Coronavirus UK: Relatives demand government restarts essential care home visits by March

Relatives have pleaded with the Government to restart essential care home visits by next month.

Six groups called for urgent action to reopen care homes in England ‘as a matter of safety, common decency, and fundamental human rights’.

It comes after a couple married for 61 years celebrated moving into the same care home together with their first kiss in eight months. 

Meanwhile, Brendan, a helpline caller who has received two vaccine doses, has only had two meaningful visits to see his wife of more than 60 years since England entered lockdown on March 23.

And an elderly woman separated from her dementia-hit husband while his care home was closed for visitors was reunited just minutes before he died on January 1.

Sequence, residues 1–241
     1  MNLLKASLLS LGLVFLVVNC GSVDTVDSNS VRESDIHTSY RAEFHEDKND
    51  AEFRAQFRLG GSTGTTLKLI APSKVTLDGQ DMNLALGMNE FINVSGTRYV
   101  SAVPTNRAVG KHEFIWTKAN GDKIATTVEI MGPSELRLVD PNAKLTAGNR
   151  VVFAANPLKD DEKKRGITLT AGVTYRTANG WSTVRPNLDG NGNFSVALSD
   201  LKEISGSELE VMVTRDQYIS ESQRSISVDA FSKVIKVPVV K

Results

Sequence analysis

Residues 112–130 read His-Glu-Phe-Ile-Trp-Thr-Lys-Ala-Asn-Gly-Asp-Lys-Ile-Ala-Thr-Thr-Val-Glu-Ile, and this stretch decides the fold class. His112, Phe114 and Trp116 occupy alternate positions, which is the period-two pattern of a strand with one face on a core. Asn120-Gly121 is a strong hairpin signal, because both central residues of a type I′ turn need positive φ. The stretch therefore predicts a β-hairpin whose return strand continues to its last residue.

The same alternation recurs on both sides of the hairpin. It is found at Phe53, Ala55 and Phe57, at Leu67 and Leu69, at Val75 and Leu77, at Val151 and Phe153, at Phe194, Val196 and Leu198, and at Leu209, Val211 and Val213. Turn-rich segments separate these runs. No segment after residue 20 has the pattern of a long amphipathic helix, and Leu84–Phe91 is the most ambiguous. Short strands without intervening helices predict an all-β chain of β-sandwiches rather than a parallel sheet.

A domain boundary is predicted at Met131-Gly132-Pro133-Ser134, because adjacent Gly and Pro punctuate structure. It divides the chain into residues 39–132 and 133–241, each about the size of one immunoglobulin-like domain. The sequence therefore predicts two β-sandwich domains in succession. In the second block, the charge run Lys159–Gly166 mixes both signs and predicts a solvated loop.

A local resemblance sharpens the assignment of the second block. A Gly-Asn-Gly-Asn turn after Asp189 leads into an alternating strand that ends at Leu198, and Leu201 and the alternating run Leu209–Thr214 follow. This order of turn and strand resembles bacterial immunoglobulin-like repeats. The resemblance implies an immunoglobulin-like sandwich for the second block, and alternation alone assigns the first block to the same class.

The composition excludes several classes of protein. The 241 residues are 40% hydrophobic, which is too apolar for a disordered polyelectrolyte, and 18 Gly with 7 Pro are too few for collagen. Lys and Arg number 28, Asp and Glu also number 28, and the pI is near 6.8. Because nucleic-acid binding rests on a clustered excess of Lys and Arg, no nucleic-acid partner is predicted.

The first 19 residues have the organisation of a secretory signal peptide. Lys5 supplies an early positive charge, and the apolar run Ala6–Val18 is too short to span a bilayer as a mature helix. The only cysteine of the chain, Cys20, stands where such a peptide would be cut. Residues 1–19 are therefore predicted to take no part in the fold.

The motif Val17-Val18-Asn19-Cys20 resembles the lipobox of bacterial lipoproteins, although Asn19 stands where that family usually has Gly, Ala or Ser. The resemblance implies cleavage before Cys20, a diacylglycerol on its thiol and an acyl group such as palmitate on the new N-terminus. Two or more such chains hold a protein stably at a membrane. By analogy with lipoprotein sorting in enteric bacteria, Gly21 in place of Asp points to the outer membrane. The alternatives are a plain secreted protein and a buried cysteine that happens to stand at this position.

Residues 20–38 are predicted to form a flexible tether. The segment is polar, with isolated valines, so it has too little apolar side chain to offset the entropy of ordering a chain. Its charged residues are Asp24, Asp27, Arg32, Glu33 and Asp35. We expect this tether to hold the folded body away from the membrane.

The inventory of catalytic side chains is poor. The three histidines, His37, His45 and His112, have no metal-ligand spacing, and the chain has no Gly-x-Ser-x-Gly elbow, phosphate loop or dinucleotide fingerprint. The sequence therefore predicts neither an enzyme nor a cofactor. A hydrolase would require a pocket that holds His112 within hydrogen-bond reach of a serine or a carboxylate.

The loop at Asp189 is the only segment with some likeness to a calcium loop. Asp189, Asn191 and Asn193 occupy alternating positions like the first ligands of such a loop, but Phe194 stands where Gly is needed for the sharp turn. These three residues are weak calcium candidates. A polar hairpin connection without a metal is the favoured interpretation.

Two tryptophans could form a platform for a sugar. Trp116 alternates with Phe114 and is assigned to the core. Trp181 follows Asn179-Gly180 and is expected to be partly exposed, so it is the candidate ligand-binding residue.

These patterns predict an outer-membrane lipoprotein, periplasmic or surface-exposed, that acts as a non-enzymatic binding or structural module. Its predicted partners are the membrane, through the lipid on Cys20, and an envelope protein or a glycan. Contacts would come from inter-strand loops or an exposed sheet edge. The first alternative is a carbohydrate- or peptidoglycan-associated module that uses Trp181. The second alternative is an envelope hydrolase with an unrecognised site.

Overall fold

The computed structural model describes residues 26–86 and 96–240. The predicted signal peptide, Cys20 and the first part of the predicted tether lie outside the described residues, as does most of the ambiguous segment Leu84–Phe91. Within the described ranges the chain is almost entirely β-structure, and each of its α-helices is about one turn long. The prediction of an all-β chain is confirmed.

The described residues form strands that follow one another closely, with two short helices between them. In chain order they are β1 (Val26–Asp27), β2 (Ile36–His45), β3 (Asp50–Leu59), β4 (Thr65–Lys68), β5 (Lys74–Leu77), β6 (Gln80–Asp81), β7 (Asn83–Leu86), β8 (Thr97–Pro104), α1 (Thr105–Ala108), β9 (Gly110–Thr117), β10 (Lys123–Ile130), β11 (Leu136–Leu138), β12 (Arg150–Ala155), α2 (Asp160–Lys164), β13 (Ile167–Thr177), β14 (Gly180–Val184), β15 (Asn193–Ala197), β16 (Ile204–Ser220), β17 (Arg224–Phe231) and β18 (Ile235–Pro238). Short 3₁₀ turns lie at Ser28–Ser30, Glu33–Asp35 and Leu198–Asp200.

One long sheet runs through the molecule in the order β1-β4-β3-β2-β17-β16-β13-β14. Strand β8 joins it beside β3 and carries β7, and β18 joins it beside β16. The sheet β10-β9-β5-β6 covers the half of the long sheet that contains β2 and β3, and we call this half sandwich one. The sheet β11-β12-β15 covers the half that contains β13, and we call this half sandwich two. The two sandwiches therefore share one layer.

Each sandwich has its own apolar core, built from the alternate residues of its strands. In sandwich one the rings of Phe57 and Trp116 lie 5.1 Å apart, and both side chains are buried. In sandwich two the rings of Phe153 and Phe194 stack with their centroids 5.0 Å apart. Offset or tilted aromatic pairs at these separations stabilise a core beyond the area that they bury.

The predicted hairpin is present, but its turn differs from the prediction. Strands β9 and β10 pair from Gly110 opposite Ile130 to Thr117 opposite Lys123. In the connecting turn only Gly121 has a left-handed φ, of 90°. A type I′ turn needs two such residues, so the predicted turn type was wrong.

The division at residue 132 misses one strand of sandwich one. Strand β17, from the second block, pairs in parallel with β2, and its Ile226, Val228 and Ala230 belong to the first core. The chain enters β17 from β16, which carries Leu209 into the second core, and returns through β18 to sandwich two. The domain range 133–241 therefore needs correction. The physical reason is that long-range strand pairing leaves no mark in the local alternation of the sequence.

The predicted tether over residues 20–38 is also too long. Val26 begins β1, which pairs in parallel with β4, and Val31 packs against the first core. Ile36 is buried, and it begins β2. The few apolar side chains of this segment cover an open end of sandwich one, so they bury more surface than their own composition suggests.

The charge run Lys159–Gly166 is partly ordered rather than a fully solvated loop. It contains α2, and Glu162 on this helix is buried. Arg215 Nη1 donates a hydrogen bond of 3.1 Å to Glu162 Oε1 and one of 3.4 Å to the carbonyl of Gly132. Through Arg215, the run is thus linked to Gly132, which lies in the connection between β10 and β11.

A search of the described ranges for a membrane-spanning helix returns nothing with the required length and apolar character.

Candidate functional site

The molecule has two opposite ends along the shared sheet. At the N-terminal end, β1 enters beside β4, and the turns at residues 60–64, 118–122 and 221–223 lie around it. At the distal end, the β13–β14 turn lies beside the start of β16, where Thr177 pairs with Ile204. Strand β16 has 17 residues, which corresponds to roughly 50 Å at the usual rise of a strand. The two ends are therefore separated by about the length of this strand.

Six groups called for urgent action to reopen care homes in England 'as a matter of safety and fundamental human rights'. Pictured, 95-year-old Second World War veteran Signalman Eric Bradshaw, is pictured on VE day last year at Anchor's Millfield care home in Oldham

Six groups called for urgent action to reopen care homes in England 'as a matter of safety and fundamental human rights'. Pictured, 95-year-old Second World War veteran Signalman Eric Bradshaw, is pictured on VE day last year at Anchor's Millfield care home in Oldham

Six groups called for urgent action to reopen care homes in England ‘as a matter of safety and fundamental human rights’. Pictured, 95-year-old Second World War veteran Signalman Eric Bradshaw, is pictured on VE day last year at Anchor’s Millfield care home in Oldham

As a first step, campaigners say visits must be in place for relatives who help with essential care by March 1.